These are typically used for proof books and portrait books that don’t have images that go across the book binding.  They’re also popular for making small boudoir books, fashion look-books, and commercial projects by advertising agencies?

Engagement Sessions Up 66%

a wedding guest book is a good use for engagement session photos

Are you up selling engagement sessions when you book a wedding? Your competitors are. According to TheWeddingReport.com:

  • 53% of photographers booked engagement sessions in 2011
  • Engagement session bookings are up 66% over 2009
  • 70% of photographers offer engagement sessions as part of their wedding package

If you’re not part of the 70% you are not maximizing your wedding revenues and you’re likely loosing clients. Why? Engagement shoots are becoming very popular, and the bride may move on to a different photographer before calling if she doesn’t see an engagement session in your packages.

We hear over and over again from our customers that:

“Guest books sell engagement sessions,
and engagement sessions sell guest books.”

Show a guest book along with wedding and parent albums to your initial meeting with your client. An engagement shoot that may not have even been on your client’s radar may suddenly become a necessity!

A guest book is an elegant way to preserve the insights and advice from your client’s wedding guests that they will be able to cherish for years to come. A studio sample can make it really easy to add on an engagement shoot when booking a wedding.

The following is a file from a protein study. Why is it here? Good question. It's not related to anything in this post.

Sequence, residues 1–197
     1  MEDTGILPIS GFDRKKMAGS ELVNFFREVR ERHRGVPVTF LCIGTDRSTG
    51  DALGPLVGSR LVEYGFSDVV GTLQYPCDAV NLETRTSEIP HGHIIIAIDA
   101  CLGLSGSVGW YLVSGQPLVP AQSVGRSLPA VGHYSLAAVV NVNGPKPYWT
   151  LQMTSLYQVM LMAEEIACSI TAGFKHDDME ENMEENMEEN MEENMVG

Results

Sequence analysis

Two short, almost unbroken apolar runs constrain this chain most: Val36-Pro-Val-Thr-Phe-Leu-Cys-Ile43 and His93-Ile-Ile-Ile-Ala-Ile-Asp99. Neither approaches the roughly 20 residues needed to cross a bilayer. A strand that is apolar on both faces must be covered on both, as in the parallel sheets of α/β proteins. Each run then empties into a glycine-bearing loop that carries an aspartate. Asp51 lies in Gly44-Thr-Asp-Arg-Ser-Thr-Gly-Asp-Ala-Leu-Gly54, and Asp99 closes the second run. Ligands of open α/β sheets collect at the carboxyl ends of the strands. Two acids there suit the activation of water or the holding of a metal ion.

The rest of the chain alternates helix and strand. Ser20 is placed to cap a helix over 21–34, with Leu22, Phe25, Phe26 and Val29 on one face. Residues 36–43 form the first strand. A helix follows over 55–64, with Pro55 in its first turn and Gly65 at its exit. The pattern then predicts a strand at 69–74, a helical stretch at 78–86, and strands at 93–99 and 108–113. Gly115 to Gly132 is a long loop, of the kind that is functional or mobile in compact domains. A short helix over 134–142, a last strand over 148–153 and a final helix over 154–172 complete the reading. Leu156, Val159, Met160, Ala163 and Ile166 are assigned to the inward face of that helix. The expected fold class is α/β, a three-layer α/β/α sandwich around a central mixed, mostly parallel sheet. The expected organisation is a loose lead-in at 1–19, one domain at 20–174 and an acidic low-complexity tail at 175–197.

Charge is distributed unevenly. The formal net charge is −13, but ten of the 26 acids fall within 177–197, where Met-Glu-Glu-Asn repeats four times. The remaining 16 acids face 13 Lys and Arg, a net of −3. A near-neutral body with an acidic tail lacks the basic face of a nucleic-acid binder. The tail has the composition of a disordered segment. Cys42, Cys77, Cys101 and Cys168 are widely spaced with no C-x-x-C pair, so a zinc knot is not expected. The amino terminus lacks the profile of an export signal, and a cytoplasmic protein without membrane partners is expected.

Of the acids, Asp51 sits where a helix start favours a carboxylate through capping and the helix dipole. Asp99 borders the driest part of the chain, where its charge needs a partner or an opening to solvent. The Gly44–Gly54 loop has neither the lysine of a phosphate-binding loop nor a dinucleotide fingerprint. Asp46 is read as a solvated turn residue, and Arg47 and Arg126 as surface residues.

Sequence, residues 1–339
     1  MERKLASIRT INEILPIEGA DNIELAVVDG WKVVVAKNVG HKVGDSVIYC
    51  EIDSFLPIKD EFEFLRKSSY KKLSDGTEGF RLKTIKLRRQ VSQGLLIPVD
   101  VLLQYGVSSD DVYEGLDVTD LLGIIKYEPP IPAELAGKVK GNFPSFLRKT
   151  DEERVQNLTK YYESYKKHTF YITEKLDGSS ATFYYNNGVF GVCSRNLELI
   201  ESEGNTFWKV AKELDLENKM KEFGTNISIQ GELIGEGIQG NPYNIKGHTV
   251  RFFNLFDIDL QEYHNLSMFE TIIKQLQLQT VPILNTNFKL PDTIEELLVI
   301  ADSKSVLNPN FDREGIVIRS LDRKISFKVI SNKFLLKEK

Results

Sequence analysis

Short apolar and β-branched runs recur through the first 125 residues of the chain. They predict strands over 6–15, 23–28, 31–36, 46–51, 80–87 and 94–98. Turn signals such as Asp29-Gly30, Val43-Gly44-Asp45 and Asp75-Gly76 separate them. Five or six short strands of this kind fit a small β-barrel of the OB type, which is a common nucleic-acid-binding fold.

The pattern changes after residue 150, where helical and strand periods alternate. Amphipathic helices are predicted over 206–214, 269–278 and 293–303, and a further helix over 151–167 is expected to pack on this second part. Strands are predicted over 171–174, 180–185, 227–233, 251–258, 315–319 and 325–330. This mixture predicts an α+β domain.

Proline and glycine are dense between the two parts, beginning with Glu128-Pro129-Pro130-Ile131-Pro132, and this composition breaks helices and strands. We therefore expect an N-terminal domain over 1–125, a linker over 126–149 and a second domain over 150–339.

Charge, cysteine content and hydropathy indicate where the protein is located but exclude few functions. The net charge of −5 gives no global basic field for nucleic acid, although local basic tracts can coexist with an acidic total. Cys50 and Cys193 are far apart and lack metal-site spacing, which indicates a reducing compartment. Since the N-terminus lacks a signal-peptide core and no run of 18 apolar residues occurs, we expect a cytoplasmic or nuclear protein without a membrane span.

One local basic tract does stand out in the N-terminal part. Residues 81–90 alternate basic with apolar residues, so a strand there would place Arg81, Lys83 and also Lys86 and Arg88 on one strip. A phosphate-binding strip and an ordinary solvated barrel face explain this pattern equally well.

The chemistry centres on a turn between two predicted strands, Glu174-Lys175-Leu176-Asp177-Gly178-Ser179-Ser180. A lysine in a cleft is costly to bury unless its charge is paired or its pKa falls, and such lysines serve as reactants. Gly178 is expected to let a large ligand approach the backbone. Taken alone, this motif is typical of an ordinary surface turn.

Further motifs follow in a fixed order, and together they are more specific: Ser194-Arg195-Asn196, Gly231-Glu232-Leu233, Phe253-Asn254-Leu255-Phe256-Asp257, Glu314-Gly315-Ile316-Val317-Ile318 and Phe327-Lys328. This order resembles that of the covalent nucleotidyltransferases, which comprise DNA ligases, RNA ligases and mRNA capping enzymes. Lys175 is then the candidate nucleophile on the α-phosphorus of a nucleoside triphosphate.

• SharedInk supplies an archival pen with every guest book we ship. We also include a paper swatch so you or the bride can test your own pen.
  • Guest books are a great marketing opportunity for your studio. Be sure to brand the book so the guests know it’s your work.
  • Layflat pages work great for guest books. No more signing into the gutter!
  • Matte and felt paper are less prone to smear than gloss, pearl and lustre papers.
  • SharedInk provides a 33% discount on all studio samples you order.

For the entire month of April and into early May we are offering a 50% discount on all guest book studio samples! This is a hefty increase over our normal 33% studio sample discount.

Discount Code


Tag Cloud

Here’s a tag cloud that describes SharedInk. We used this in the back wall on our booth at Imaging USA and WPPI trade shows this year. This does a pretty good job describing what SharedInk is about. It was fun to see what grabbed people’s attention.